George Floyd’s Funeral To Hold On June 9

A man raise his fist and holds a placard during a protest for the death of George Floyd, in the Capitol Hill neighborhood of Seattle, Washington on June 1, 2020. Jason Redmond / AFP

 

 

A funeral for George Floyd, the black man who died in US police custody after a Minneapolis officer knelt on his neck, will be held June 9 in Houston, the family’s lawyer said Monday.

“In Minneapolis, there will be a memorial here Thursday, at 1:00 to 3:00,” said attorney Ben Crump, speaking at a press conference in Minneapolis to report the findings of an independent autopsy.

“On Saturday, there will be a memorial service in North Carolina, where he was born, at 1:00 to 3:00. And then on Tuesday, June the ninth, the funeral will take place in Houston, Texas at 11:00 am,” said Crump, who is representing the Floyd family.

George Floyd died on May 27 after a policeman knelt on the 46-year-old man’s neck for almost nine minutes. Floyd became unresponsive after almost three minutes.

His death, captured on mobile phone footage, reignited long-felt anger over police killings of African-Americans and echoed high-profile cases that spurred the Black Lives Matter movement such as the August 2014 shooting of Michael Brown in Ferguson, Missouri, and the July 2014 choking of Eric Garner in New York.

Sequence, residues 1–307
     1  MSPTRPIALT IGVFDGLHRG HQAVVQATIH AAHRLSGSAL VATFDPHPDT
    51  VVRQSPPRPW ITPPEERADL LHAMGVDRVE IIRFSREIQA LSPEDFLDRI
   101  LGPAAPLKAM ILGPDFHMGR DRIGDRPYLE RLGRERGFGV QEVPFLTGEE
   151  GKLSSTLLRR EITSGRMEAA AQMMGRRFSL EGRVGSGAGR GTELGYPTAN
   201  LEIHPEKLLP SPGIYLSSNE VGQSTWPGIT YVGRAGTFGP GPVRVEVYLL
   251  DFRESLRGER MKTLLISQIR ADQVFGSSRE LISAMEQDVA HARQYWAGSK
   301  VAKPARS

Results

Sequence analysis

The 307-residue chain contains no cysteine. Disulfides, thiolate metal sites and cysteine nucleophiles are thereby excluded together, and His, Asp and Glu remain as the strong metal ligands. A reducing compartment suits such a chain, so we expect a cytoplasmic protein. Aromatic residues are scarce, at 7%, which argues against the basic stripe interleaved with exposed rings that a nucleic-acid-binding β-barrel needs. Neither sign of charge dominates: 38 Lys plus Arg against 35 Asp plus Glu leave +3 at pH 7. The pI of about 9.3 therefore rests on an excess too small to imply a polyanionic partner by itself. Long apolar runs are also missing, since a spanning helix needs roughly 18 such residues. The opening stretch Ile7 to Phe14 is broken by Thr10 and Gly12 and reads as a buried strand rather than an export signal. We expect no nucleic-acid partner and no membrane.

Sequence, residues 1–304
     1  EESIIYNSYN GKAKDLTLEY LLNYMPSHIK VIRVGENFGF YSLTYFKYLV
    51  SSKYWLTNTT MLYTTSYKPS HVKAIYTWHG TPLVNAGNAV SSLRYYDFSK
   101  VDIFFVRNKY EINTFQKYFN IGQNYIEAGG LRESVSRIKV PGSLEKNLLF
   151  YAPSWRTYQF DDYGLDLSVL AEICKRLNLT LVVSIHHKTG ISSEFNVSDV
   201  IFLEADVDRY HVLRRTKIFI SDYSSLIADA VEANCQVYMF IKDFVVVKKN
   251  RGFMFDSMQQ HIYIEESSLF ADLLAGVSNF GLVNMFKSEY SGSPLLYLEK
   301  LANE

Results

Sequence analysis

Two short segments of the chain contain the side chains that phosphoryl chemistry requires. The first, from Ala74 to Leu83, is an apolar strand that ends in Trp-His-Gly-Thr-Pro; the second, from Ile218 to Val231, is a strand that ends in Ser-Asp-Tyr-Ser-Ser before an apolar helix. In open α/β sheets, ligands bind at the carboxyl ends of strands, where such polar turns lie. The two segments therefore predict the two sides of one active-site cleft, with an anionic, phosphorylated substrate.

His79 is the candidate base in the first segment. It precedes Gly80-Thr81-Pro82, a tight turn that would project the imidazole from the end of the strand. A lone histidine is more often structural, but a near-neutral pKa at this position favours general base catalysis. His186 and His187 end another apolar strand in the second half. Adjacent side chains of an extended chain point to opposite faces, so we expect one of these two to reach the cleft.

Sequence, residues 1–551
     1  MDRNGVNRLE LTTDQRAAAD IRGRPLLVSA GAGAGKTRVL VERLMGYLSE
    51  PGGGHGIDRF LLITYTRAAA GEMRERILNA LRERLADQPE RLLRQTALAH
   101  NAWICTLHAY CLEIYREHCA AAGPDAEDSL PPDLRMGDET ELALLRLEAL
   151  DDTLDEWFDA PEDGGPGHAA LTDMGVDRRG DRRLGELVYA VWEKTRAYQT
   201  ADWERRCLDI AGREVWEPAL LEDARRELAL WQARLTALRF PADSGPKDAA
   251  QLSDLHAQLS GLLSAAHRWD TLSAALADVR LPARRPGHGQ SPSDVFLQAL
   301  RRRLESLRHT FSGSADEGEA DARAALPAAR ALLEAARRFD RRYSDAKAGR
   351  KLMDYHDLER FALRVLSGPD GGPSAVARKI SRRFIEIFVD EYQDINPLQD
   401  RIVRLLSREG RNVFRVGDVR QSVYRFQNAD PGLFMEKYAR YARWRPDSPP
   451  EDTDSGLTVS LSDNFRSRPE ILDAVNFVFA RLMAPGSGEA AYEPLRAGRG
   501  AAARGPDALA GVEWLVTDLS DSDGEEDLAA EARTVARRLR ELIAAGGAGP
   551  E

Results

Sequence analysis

Nationwide uproar sparked over police brutality, and protests and rioting — many that turned violent — erupted in more than 140 cities over the weekend.

Crump announced the results of an autopsy arranged by Floyd’s family that shows he was suffocated by a Minneapolis police officer rather than dying from pre-existing heart problems as claimed by the official ruling.

AFP

Private Autopsy Shows George Floyd Suffocated To Death, Says Lawyer

These images taken on May 25, 2020, from a video courtesy of Darnella Frazier via Facebook, shows Minneapolis police officer Derek Chauvin during the arrest of George Floyd. Darnella Frazier / Facebook/Darnella Frazier / AFP
These images taken on May 25, 2020, from a video courtesy of Darnella Frazier via Facebook, shows Minneapolis police officer Derek Chauvin during the arrest of George Floyd. Darnella Frazier / Facebook/Darnella Frazier / AFP

 

An autopsy arranged by the family of George Floyd shows he was suffocated by a US policeman, rather than dying from pre-existing heart problems as claimed by the official ruling, their lawyer announced Monday.

“Independent medical examiners who conducted an autopsy of Floyd Sunday determined that asphyxiation from sustained pressure was the cause of death,” Ben Crump said.

Aleccia Wilson, Director at Autopsy and Forensic Sciences at the University of Michigan, said she had examined Floyd’s body.

“The evidence is consistent with mechanical asphyxia as the cause of death, and homicide as the manner of death,” she told a news conference.

Floyd died on May 27 after a policeman knelt on the 46-year-old African American’s neck for almost nine minutes. Floyd became unresponsive after almost three minutes.

A bystander video of the incident, which came after Floyd was detained on a minor charge of passing a counterfeit $20 bill, sparked a nationwide uproar over police brutality and protests and rioting in more than 140 cities.